The archeological periods are somewhat off in the article: before the flood, there were the Uruk and Jemdet Nasr periods. Then the early Dynastic I and II overlap the first two dynasties, and Early Dynastic III starts with the First Dynasty of Ur.Nicklausse (talk) 02:32, 21 January 2008 (UTC)

The river flood you refer to has been radio-carbon dated to about 2900 BCE. Polychrome pottery from the Jemdet Nasr period was found immediately below the 2900 BCE flood layer. Kish artifacts were found immediately above the 2900 BCE flood layer. Hence the mythical kings that are listed in the Sumerian King List immediately before the sentence about the flood correspond to the Jemdet Nasr period, even though none of them have been identified in artifacts. The Early Dynastic I period is not represented in the Sumerian King List and is distinguished from ED II only by the shape of cylinder seals. I will rename the mythical kings as Jemdet Nasr kings and cite references if that is acceptable. Greensburger (talk) 03:06, 21 January 2008 (UTC)

I actually corrected the article right away - I somehow got logged out, so it doesn't show that I did it. Nicklausse (talk) 15:48, 23 January 2008 (UTC)

The following sentence was deleted: "No inscriptions have yet been found verifying kings from the Early Dynastic I period. ref Cambridge Ancient History, third edition, Vol I, part 2, page 244. /ref" What is your reference for ED I inscriptions being found? Greensburger (talk) 01:18, 6 February 2008 (UTC)

It's trivial, because the actual earliest inscription is mentioned several times. Sumerophile (talk) 01:49, 6 February 2008 (UTC)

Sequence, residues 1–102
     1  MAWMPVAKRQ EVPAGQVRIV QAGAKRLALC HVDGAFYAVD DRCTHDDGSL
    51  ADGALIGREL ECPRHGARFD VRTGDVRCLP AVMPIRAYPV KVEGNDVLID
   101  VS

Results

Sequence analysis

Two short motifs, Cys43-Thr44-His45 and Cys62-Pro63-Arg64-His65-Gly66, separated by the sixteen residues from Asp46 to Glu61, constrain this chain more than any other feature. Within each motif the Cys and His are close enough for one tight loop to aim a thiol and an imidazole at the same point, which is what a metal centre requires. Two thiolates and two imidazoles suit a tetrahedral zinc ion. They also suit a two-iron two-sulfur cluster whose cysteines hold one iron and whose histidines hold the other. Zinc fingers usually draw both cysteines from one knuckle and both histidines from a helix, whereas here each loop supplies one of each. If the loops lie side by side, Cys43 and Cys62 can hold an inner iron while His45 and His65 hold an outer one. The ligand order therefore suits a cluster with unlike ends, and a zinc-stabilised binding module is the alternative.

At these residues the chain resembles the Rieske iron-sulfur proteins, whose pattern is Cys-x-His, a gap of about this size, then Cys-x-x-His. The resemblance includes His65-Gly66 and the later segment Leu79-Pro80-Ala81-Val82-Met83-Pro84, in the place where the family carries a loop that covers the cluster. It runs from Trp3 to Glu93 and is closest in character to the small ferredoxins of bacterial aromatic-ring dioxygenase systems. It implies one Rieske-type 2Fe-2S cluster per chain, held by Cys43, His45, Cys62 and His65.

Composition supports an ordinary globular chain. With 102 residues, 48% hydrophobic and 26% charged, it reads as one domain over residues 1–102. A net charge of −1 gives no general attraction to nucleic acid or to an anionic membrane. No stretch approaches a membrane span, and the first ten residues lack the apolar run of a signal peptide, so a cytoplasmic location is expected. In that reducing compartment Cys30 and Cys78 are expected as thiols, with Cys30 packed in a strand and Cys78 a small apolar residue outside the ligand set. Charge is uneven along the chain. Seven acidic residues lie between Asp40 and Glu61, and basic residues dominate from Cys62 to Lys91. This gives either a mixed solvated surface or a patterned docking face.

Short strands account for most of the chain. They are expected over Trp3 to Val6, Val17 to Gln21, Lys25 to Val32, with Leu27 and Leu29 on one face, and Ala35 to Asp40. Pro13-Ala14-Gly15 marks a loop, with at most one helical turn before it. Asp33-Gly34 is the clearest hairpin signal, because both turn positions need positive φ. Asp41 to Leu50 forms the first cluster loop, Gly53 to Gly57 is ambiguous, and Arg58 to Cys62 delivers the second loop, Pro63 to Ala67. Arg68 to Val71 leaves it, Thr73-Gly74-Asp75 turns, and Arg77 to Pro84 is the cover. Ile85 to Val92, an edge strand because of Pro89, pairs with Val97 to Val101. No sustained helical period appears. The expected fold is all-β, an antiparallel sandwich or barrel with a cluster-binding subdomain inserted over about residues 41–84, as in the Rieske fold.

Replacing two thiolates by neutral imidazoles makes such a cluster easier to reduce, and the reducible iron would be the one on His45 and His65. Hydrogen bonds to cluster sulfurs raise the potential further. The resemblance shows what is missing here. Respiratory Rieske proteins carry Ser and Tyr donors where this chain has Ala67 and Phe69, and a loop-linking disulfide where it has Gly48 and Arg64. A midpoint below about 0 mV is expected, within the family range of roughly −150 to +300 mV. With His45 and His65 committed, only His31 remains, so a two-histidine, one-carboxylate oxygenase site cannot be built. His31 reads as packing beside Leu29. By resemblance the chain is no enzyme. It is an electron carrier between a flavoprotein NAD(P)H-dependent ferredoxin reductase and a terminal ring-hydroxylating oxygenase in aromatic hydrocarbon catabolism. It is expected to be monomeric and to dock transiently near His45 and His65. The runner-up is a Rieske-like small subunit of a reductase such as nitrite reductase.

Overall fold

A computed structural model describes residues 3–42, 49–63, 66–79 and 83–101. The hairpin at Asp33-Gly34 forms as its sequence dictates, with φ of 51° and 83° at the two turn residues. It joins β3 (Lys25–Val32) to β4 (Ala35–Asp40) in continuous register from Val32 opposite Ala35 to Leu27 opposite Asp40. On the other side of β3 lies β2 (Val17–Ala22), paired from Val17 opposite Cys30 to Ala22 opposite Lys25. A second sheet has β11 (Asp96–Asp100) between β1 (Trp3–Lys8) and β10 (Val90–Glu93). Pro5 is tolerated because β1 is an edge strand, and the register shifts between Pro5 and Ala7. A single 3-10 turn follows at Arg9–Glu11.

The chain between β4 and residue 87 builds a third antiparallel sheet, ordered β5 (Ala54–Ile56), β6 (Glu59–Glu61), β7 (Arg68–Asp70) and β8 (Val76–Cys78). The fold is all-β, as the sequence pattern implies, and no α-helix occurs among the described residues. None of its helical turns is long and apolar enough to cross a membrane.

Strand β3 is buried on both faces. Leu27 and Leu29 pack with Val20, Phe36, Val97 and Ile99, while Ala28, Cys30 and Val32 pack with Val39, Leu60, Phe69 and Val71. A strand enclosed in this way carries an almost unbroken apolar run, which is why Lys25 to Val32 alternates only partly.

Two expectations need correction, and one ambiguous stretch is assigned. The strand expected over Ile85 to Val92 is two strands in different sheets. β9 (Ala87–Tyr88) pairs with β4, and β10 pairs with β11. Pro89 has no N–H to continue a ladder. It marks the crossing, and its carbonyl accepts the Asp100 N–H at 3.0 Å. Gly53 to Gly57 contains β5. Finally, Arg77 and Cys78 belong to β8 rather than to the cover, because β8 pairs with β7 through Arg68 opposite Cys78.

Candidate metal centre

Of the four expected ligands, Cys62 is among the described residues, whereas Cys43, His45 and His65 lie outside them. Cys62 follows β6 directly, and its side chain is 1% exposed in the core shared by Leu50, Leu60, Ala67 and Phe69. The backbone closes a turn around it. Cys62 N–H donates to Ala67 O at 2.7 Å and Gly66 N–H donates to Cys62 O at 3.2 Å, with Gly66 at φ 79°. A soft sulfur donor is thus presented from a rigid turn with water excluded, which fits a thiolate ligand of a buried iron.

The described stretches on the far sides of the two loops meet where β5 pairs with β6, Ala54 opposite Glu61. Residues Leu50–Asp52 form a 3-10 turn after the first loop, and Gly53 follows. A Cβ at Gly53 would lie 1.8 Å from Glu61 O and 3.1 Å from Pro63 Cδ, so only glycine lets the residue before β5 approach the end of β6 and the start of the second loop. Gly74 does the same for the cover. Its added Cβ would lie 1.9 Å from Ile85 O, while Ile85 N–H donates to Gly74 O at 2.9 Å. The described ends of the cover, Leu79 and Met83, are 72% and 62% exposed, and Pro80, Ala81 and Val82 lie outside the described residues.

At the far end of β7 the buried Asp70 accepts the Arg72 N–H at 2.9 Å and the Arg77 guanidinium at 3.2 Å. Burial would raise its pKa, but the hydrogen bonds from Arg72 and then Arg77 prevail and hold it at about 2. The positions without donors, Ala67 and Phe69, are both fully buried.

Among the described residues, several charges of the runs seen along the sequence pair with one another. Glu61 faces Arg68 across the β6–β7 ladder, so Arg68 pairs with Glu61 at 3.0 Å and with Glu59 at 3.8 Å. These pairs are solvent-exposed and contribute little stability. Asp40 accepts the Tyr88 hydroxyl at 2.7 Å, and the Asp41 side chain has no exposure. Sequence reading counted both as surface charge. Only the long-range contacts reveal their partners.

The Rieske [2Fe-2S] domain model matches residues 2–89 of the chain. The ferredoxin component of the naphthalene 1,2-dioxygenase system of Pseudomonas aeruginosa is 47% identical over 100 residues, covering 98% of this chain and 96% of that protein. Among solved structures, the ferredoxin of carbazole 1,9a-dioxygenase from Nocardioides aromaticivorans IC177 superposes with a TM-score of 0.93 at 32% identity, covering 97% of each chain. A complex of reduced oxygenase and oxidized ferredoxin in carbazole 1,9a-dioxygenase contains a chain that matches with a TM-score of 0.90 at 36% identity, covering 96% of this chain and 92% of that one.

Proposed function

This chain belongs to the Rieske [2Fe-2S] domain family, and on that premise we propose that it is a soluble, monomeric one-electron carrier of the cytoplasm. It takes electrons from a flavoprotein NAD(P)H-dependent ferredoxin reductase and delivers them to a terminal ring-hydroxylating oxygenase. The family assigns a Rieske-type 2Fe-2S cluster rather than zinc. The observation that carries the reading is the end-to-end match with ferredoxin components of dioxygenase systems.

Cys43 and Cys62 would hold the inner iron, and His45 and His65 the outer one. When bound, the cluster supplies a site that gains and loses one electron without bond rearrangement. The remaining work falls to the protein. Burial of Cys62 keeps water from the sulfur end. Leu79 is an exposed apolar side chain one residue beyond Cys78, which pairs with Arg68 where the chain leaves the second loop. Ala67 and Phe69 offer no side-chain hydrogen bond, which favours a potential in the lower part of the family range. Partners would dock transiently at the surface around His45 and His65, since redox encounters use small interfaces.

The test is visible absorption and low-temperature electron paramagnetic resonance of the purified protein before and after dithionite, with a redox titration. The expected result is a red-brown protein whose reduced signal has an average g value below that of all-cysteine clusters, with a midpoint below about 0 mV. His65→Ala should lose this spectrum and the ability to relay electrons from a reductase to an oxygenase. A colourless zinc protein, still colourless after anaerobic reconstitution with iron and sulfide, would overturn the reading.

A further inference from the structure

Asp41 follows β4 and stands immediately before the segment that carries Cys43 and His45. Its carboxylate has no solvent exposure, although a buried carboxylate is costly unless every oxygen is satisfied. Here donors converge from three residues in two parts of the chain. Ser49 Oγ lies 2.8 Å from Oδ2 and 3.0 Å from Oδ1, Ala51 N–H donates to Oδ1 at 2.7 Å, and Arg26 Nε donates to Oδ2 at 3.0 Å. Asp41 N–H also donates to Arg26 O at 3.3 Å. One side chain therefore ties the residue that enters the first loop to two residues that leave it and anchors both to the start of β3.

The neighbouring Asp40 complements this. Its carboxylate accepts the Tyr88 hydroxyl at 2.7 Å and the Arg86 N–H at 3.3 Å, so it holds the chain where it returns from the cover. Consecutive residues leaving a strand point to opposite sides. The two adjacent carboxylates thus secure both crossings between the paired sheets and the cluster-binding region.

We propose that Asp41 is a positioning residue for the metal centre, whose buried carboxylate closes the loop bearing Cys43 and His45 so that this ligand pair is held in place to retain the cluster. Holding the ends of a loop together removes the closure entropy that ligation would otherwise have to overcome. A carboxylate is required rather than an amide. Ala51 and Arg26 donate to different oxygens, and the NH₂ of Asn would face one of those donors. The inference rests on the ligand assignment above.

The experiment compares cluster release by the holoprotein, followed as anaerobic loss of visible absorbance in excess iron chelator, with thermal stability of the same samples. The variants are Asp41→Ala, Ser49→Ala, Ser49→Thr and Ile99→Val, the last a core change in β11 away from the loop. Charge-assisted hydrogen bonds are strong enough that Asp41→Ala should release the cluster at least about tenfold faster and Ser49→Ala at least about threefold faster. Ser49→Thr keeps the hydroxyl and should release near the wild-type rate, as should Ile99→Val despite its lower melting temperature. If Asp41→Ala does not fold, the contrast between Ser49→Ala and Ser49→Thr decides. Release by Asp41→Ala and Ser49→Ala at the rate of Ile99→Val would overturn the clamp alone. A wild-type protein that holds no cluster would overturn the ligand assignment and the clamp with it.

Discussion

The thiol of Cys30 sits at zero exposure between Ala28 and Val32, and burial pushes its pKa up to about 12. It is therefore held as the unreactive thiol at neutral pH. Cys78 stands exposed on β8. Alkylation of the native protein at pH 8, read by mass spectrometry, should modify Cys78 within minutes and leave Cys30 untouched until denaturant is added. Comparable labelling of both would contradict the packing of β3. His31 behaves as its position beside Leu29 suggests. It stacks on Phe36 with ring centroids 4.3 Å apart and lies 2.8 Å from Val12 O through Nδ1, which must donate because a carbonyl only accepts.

Was that inscription in Kish? Are some ED I kings now known? If memory serves, there is no clear distinction between ED I and II except for the shape of cylinder seals. Greensburger (talk) 02:05, 6 February 2008 (UTC)

Yes that inscription with Enmebaragesi, which is the earliest attested so far, so by implication earlier kings have not yet been attested, no matter what size their cylinder seals. Sumerophile (talk) 02:23, 6 February 2008 (UTC)

Thorkild Jacobsen[edit]

It seems like there should be a reference or footnote for Jacobsen, being the definitive (though not final) authority on the SKL i.e.

  Thorkild Jacobsen. The Sumerian King List. Assyriological Studies, no. 11.
  Chicago: University of Chicago Press. (1939) ISBN 0-226-62273-8.

Ploversegg (talk) 18:58, 14 February 2008 (UTC)ploveregg

This list comes from the Oxford compilation: The Electronic Text Corpus of Sumerian Literature, but I agree that we shouldn't just gloss over Jacobsen. Perhaps something could be added about his contribution to our knowledge of the king list.
Sumerophile (talk) 21:13, 14 February 2008 (UTC)

Also, the link to Chronology of the Acient Orient warps to Chronology of the Ancient Near East anyway, so it might make sense to just make it that. And I think that the reign of Sargon is really around 55 years (and the kings up to the end of his line should add to 157 years).

Ploversegg (talk) 01:34, 17 February 2008 (UTC)ploversegg

Any years given come from archaeology, but the lengths of reigns (including the long reigns of earlier kings) are the traditional lengths given in the king list itself. Sumerophile (talk) 18:28, 19 February 2008 (UTC)

Hm, well seemed like a decent translation of the SKL to me, but I'm newish to WP so I'll defer to your judgement. Ploversegg (talk) 22:21, 19 February 2008 (UTC)ploversegg

It doesn't mean the traditional lengths of rule are correct, but the document exists as it is, and shouldn't be altered. I added the archaeological years for ease of reference. Sumerophile (talk) 23:11, 19 February 2008 (UTC)

Early kings[edit]

This article is about the king list and what it states.